MEXICO CITY—Tropical Storm Ivo formed on Wednesday, Aug. 21, off the southwestern coast of Mexico but was not forecast to pose a threat of landfall.
The U.S. National Hurricane Center said Ivo was expected to strengthen into a hurricane by Friday but remain well clear of the coast.
— NHC Eastern Pacific (@NHC_Pacific) August 22, 2019
The storm had maximum sustained winds of 50 mph (85 kph). It was centered about 480 miles (770 kilometers) south of the tip of Mexico’s Baja California Peninsula late Wednesday and was moving to the west-northwest at 18 mph (30 kph).
Meanwhile, Tropical Storm Chantal out in the North Atlantic weakened into a tropical depression as it moved away from North America, also posing no threat to land.
This loop of Tropical Storm #Chantal was seen by #GOESEast on Aug. 21, 2019 via Day Cloud Phase Distinction RGB. It is now considered a tropical depression and is not threatening any land areas. More imagery: https://t.co/QNL83dFCpJ pic.twitter.com/rqAn17ppmQ
— NOAA Satellites (@NOAASatellites) August 22, 2019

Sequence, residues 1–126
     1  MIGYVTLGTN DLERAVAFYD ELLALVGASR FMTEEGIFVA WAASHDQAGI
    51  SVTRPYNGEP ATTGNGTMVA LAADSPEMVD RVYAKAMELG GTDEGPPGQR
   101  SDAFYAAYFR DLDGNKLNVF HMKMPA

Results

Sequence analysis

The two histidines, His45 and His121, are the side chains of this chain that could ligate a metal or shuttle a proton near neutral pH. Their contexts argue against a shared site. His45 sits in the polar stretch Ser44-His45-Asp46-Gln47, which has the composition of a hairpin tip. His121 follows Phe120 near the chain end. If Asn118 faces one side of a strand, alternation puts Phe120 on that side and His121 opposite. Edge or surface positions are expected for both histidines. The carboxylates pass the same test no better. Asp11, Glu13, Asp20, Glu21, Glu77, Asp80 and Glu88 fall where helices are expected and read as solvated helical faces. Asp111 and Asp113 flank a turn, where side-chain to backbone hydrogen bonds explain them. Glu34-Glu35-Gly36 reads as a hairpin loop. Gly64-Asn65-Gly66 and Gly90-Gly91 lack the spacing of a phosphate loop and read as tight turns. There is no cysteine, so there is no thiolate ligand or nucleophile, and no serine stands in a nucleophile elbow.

The storm’s center was about 580 miles (935 kilometers) south-southeast of Cape Race, Newfoundland, the hurricane center said. Chantal had maximum sustained winds of 35 mph (55 kph) and was heading east-southeast at 18 mph (30 kph).
— National Hurricane Center (@NHC_Atlantic) August 22, 2019
No coastal watches or warnings were in effect as a result of either storm.
Forecasters Expect Busier Hurricane Season
Government meteorologists say this year’s hurricane season may be busier than initially expected now that summer’s weak El Nino has faded away.
The National Oceanic and Atmospheric Administration’s Climate Prediction Center said on Aug. 8 the Atlantic season looks more active than normal as peak hurricane season begins. Forecasters now expect 10 to 17 named storms, with five to nine hurricanes and two to four major ones.
NOAA’s *Updated* 2019 Atlantic #HurricaneSeason Outlook now calls for: 10-17 named storms of which 5-9 could become hurricanes, including 2-4 major hurricanes.
But remember: #ItOnlyTakesOne
— NOAA (@NOAA) August 8, 2019
In May, they forecast a normal season, one or two fewer named storms and hurricanes.
Forecaster Gerry Bell says the end of El Nino means more hospitable hurricane conditions. El Nino is the periodic warming of parts of the Pacific that affects weather worldwide and dampens storm activity.
Hurricane season is June through November. So far, there have been two named storms, with one hurricane.